All grand strategies, be they plans, principles, or behaviors, must, according to Silove, meet three general standards. First, they must have “two constituent elements, ends and means” (23). The state must tailor its national goals to the resources at its disposal. Second, grand strategies must be long-term, holistic, and important. This means that they must look years and even decades into the future. They must encompass “all spheres of statecraft,” which Silove limits to the categories of military, diplomatic, and economic (23). And the grand strategy must be “important,” as understood by the state. Grand strategy should address state survival, of course, but it can also tackle imperial, economic, political, and humanitarian goals, to name just a few. All states prioritize survival first, but each state will have its own sense of what else might be important. Third, grand strategies should be coherent and balanced. They should allow the state to make policies that are consistent with one another and to balance ends and means. Silove notes, however, that these two qualities may not be necessary. Incoherent or unbalanced grand strategies may simply be bad grand strategies.

With these definitions in hand, Silove subjects her paradigm to a series of stress tests against “Foundational Conceptual Questions about Grand Strategy” (23). For example, she asks “is grand strategy intentional” (23)? She believes that plans and principles are, and behavior may be. The last is, in her view, an empirical question: “Can Small States Have Grand Strategies” (25)? In theory, yes, but in practice, she believes, not so much. She does not ask whether non-state actors can have grand strategies, or if states can have multiple grand strategies simultaneously. “To What Extent is Grand Strategy Constant or Flexible” (26)? For plans and principles, grand strategies must be long-term in scope but not necessarily long-lived. Patterns of behavior must be long-term enough to qualify as a pattern.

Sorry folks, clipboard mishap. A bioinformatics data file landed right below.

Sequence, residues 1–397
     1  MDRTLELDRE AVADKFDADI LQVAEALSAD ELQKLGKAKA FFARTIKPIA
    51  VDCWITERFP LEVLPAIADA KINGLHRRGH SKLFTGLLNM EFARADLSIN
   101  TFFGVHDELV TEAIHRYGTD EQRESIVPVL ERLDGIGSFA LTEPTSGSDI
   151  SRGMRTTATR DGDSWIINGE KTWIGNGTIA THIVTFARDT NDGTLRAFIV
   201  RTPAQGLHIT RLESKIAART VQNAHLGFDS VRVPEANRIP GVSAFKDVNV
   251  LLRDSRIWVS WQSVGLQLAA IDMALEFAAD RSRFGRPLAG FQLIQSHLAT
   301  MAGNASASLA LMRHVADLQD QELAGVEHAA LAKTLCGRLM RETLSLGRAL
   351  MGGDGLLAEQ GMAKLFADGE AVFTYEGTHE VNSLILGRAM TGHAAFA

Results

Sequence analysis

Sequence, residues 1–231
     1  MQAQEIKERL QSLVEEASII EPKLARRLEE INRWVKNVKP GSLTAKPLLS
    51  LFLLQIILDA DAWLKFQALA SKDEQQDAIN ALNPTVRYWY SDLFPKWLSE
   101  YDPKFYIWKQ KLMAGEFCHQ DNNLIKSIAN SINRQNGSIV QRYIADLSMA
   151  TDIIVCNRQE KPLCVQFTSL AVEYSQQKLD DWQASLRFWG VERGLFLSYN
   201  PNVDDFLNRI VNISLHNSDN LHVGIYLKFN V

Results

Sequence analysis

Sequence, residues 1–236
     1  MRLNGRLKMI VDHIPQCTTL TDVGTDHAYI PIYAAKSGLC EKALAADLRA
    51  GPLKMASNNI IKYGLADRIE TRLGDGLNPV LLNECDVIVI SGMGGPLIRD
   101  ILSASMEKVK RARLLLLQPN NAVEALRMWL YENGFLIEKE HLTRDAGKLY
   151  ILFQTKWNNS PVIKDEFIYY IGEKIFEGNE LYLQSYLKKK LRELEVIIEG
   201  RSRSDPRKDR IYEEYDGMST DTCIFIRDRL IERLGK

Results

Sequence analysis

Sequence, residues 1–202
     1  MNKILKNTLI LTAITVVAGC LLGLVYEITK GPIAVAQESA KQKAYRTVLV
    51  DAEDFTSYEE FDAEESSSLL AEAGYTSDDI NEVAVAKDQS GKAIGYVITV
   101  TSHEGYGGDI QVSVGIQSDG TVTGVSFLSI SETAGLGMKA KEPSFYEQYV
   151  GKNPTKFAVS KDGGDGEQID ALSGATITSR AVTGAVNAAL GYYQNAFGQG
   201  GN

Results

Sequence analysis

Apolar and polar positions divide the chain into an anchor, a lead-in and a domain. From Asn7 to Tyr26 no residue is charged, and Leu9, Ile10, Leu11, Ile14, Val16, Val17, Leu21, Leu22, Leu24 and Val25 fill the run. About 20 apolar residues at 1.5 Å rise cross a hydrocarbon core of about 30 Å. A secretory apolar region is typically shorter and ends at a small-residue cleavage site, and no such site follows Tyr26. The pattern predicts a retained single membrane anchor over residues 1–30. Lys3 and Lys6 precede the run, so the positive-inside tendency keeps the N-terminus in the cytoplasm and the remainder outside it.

No summary of the argument in this article can do justice to its rigor, erudition, thoughtfulness, or plausibility. The following comments and observations are not designed to call into question either the quality or usefulness of this analysis. Rather they are intended to suggest ways in which this stimulating and provocative interpretation of the literature might be expanded and refined.